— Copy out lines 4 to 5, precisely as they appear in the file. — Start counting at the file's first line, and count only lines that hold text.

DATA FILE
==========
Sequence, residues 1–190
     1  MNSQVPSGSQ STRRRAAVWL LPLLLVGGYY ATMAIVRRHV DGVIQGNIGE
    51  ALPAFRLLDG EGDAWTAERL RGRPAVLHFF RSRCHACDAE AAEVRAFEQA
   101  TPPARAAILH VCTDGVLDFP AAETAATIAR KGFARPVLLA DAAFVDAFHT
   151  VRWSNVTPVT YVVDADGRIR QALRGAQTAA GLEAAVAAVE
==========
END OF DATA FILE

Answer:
   101  TPPARAAILH VCTDGVLDFP AAETAATIAR KGFARPVLLA DAAFVDAFHT
   151  VRWSNVTPVT YVVDADGRIR QALRGAQTAA GLEAAVAAVE